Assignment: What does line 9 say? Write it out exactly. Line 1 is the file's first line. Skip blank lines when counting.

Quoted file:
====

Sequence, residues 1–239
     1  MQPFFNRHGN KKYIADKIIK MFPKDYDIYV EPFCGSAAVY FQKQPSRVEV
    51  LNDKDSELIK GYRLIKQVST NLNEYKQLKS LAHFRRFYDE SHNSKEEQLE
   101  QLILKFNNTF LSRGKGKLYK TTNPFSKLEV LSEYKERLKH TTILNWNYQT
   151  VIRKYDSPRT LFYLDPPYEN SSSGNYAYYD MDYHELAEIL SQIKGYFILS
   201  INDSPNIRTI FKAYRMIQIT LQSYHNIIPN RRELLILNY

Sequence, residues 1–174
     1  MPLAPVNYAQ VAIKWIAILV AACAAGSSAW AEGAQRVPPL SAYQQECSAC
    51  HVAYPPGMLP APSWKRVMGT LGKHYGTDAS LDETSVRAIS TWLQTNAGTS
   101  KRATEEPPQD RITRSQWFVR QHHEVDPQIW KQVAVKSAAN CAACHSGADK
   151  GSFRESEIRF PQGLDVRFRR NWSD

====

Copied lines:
    51  HVAYPPGMLP APSWKRVMGT LGKHYGTDAS LDETSVRAIS TWLQTNAGTS